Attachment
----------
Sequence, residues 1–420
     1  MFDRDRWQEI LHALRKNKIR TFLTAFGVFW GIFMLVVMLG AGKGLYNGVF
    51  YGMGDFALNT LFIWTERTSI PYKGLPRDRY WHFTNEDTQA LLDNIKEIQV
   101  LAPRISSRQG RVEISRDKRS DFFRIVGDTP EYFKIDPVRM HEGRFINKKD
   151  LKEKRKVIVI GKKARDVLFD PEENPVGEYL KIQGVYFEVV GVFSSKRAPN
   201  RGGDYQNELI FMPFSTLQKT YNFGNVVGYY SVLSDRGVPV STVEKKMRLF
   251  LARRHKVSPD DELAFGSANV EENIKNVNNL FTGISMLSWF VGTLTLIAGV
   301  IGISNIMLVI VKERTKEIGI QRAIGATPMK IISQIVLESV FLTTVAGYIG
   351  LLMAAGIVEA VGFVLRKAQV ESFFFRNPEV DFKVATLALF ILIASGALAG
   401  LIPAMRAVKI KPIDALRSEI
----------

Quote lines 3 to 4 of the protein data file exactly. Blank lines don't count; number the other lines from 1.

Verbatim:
    51  YGMGDFALNT LFIWTERTSI PYKGLPRDRY WHFTNEDTQA LLDNIKEIQV
   101  LAPRISSRQG RVEISRDKRS DFFRIVGDTP EYFKIDPVRM HEGRFINKKD